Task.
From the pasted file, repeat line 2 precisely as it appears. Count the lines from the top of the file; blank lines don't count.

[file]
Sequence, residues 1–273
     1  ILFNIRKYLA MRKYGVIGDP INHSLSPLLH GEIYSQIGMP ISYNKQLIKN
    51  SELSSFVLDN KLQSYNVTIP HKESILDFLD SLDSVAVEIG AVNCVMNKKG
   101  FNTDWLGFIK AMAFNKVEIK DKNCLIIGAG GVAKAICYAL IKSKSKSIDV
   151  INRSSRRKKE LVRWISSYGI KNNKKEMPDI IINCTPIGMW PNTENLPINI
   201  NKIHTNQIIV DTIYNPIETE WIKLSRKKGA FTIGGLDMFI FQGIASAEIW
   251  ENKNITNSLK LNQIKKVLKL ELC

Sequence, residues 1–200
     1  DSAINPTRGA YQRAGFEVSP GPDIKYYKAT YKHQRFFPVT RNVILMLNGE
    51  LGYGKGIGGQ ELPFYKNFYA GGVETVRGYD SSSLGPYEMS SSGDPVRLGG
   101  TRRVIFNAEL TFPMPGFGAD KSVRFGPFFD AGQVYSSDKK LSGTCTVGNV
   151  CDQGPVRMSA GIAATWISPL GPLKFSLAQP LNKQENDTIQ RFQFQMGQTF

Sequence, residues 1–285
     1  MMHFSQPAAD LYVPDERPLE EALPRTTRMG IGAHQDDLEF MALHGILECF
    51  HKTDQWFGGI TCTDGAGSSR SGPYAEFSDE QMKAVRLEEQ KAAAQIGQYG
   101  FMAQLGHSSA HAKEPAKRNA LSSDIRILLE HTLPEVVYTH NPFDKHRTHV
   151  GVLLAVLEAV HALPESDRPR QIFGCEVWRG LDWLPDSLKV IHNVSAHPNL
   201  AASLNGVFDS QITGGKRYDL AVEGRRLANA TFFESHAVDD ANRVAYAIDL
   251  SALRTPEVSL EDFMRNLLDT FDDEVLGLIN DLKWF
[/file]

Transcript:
     1  ILFNIRKYLA MRKYGVIGDP INHSLSPLLH GEIYSQIGMP ISYNKQLIKN